With the federal budget deficit estimated at $169.7 billion for the coming year -- exclusive of the new costs in the Mideast and the huge savings and loan bailout -- the pressure is on to find the "tax revenue increases" that President Bush now concedes are necessary to help in deficit reduction. One tax that has received little attention in the discussion of possible sources of new revenues is the federal estate tax, which applies to property held at death. Yet, as a tax that can target the relatively wealthy and that deprives heirs only of money that they have not earned, it is a potential source of significantly increased revenue that can command widespread public support.
There are two reasons why estate taxes should assume special importance in the present policy debate over new revenue. First, as a result of demographics and economic growth, burgeoning amounts are expected to be passed to heirs over the coming years, up from an estimated total (in constant dollars) of $778 billion during the five years 1987-91, to $1.098 trillion in 1992-96. Second, taxes currently levied on these huge transfers are very modest in comparison with those of a number of the other industrialized democracies. A death transfer tax burden more in line with that levied in Japan, for example, might be expected to yield roughly $50 billion a year in incremental revenue in the early '90s, enough to make a larger dent in the U.S. budget deficit than any of the taxes now under serious discussion.
The federal estate tax was reduced sharply, and with little media attention, by the Tax Reform Act of 1976, which among other changes, replaced the former separate deductions for gifts made during life and the taxable estate with a single, unified tax credit that has risen to $192,800. The top rates also dropped, from 77 percent to a present ceiling of 55 percent. In addition, amounts passed to one's spouse were completely, rather than only partially, exempted from taxation. The unified tax credit, at its present level, cancels out the federal tax due on an individual estate of $600,000 and allows both parents combined to pass a $1.2 million estate on to their children tax-free. The net effect of the present rules is that, on a single individual's $1 million estate, federal taxes average only $119,800 (state taxes average $33,200); even on a similar amount of taxable income earned by the recipient the tax burden would be roughly twice as great.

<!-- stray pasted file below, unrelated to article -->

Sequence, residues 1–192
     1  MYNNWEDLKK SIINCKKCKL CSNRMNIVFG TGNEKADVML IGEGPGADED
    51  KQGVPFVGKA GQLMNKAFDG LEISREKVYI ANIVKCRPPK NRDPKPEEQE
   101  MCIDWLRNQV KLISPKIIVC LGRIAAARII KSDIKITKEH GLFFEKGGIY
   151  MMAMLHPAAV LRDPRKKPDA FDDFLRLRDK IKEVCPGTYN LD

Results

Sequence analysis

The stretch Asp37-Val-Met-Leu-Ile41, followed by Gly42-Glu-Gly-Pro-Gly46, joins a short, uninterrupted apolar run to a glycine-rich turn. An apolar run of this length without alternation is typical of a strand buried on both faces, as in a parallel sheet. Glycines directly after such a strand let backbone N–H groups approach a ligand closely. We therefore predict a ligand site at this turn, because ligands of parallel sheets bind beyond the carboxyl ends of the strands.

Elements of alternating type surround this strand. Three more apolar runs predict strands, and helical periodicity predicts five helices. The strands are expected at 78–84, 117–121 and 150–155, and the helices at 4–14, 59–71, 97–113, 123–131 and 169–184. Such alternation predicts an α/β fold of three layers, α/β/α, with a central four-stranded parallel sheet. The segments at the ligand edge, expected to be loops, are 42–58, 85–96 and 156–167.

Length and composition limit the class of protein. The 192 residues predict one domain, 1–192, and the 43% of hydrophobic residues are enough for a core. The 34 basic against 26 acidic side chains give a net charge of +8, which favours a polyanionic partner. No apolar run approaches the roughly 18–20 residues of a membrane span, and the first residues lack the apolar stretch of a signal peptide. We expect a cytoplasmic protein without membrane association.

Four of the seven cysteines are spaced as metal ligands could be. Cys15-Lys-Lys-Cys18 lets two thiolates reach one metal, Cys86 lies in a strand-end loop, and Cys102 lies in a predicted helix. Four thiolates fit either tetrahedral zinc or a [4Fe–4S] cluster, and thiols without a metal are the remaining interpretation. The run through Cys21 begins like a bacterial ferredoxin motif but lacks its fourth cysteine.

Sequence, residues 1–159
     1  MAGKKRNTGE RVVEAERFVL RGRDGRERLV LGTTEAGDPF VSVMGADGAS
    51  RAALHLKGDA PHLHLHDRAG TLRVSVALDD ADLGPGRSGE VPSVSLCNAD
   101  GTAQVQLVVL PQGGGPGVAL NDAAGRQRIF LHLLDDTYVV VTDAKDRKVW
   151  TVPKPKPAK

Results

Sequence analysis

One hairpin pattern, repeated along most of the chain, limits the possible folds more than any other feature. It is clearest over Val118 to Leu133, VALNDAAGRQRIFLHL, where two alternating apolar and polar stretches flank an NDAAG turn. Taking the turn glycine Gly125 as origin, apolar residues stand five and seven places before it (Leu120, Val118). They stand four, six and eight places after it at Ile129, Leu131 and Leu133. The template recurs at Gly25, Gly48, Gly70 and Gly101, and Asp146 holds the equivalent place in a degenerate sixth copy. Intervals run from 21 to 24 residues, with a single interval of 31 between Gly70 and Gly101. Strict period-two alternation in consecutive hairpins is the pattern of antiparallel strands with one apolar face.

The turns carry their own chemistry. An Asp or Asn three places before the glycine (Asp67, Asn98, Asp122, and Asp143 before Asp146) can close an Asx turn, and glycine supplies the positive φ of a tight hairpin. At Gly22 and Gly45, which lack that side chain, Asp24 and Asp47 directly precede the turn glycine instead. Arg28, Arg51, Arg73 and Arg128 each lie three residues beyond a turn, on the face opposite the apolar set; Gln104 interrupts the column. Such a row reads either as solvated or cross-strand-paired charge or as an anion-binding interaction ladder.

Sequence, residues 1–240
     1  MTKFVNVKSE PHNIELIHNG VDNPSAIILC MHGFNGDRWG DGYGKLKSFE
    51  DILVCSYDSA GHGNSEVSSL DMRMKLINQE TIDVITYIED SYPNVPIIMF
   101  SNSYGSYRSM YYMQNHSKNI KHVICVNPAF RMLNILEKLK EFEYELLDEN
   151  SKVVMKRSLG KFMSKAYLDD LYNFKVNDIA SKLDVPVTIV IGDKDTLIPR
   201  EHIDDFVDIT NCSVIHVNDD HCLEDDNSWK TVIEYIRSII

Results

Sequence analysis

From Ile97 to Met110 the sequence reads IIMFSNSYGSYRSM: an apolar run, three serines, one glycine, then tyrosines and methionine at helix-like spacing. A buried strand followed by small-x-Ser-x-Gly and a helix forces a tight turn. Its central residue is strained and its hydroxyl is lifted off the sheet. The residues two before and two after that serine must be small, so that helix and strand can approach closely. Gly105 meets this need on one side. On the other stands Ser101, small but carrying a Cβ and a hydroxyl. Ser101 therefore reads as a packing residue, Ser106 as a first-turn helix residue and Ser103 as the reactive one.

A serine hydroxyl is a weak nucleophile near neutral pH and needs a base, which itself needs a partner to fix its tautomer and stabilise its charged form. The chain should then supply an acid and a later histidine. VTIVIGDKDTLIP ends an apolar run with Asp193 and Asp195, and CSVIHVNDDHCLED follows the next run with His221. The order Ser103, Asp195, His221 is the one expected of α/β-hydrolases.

Under the rules in effect before the 1976 law, 7 percent of all estates -- one family out of 14 -- were subject to the federal estate tax; now that figure has dropped to one-third of 1 percent -- one family out of 300. In Japan, the comparable figure today is 7.9 percent of estates, nearly the same as the earlier U.S. percentage. In Japan and England, the amounts exempt from death transfer taxes are roughly $385,000 and $156,000, respectively, much less than the $600,000 allowed in the United States. Maximum rates in Japan and West Germany (the latter for transfers other than those to children) are 70 percent, versus 55 percent in the United States (set to drop to 50 percent in 1993).
Most telling are the differences in revenue generated by different sets of national rules. In 1989, federal estate tax revenues accounted for approximately 0.63 percent, or $6.2 billion, out of total federal tax receipts of $975 billion. Gift taxes -- which are treated with estate taxes as a single taxation scheme -- accounted for a further 0.18 percent, a grand total of 0.81 percent. Before the 1976 law, the combined percentage was 1.7 percent of federal tax receipts, or twice as high. In Japan, death taxes alone account for 3.7 percent of national tax revenues, and before Britain made changes in the late '80s, the share there was 5.8 percent.
If the U.S. rules had been changed to once more reach the largest 7 percent of estates, and with an eye further to achieving the present Japanese percentage of revenue, 1989 estate-tax revenues would have been $36.1 billion instead of $6.2 billion. Comparable figures for the '90s would be about 40 percent higher, because of the large increase expected in amounts passing upon death, yielding a differential of over $40 billion a year versus the present estate tax rules; and parallel gift taxes would yield a further $10 billion annually. Altogether, the prospect exists for additional tax revenue of some $50 billion a year. Moreover, because this is a tax increase on windfall income, it is not subject to "higher taxes hurt productivity" allegations.
Even if federal estate and gift taxes today were restored only to their relative significance before the 1976 law -- about 1.7 percent of federal tax receipts -- an additional $12 billion of revenue would be generated each year in the 1990s. From both a policy and a revenue perspective, higher estate taxes should clearly be one of the highest items on the Washington agenda.
Roy L. Prosterman is a professor at the University of Washington School of Law in Seattle. Tim Hanstad is a research consultant there.